A short overview over the thematic correlation between globalisation and migration,
from the viewpoint of fresh water

A draft written to instigate debate and ideas

The culture of consumption and the continuing crises of deprivation, with their inherent disparities, are the real-life battlegrounds of sustainable development and environmental space

Josefa Rizalina M Bautista, Philippines

Fundamental Principals

Importance of water for emancipatory social movements in the context of globalisation and migration

The issue of fresh-water resources can be developed into a bonding agent between the critique on globalisation and the work on migration. An analysis of fresh water, as a scarce and abused natural resource, is well-apt to reflect on and work out some of the connections between displacement of people and the current mode of capitalist expansion (globalisation).

A thorough globalisation critique needs to, besides many things, identify mechanisms by which people lose their means of sustenance. This includes “precariedad” of work in a globalised market as much as the appropriation and destruction of natural resources such as water. In addition, this critique needs to identify the processes by which peoples, the disenfranchised as much as those supposed winners of globalisation, are losing their (democratic) control over natural resources.

In terms of water rights, this process has been clearly identified and has led to the demand for a “collective privatisation” of water and a right to water for all. This can be related to the fundamental human rights to survival and free movement of peoples.

Just to give one theoretical example: It is unacceptable that a French or British company undertakes massive dam-building in a third country (in itself a crime to humanity in most cases) that leads to forced migration and massive ecological destruction. Especially so, if the resulting economic or environmental migrants, whose villages have been flooded, are not welcome in the UK or France.

This connection, and many other circumstances in which global and local expropriation and destruction of water have adverse effects that lead to migration movements has so far not sufficiently been worked out (and not so at this point either) and needs intensified attendance, especially since new rounds of “development aid”, “partnerships” and corporate intrusion into the Third World are announced in the same breath as the European Union announces to fortify its borders against the victims of such practices.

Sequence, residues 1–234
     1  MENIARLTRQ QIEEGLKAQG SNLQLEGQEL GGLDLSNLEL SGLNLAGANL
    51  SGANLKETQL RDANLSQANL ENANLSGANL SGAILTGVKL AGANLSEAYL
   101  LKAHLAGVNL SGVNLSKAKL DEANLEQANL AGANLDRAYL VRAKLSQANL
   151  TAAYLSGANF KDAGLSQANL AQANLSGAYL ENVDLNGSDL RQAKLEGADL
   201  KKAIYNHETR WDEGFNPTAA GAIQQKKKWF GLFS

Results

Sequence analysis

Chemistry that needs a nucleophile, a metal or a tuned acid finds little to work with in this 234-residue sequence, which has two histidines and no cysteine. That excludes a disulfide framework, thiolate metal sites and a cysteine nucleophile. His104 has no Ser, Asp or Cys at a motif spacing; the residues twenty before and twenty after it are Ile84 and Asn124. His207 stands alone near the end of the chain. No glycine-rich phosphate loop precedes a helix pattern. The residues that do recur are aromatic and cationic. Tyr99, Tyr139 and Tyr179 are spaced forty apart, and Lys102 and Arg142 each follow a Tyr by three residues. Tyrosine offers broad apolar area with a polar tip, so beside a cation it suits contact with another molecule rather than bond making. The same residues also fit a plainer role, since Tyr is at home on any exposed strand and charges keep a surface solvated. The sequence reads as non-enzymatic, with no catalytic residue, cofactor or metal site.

The struggles around water are struggles against destruction and displacement

The “humanised capitalism” (market economy and democracy) is contended to have shown its superiority over all other forms of human existence and is claimed to be the best way to organise the globe. But even if the end of history has been proclaimed, we have seen that the planet is not so easily put under one big modernity of Western capitalism.

In lines with Serge Latuche; the shipwreck of modernity is sinking and struggles to stay afloat. In the meantime, those excluded from the “banquet of modernity and progress” are recreating other forms of social existence and thereby clash with the very progress that denies their existence all together. For example, they struggle to regain and re-create their control over their water resources. The Cochabambinos that refused to accept the sell-out of their basis of sustenance are these very excluded from the banquet. In fact, Vivendi would love to send these excluded to a different planet altogether; a fourth or fifth world perhaps ?, or get them silenced by the oppressive state. To the contrary, these are the peoples that have risen up and thereby refused to accept the dominance of Western capitalism over their resources. They have re-conquered their space (territory) and are endeavouring to create what above was called a re-organisation of water resources.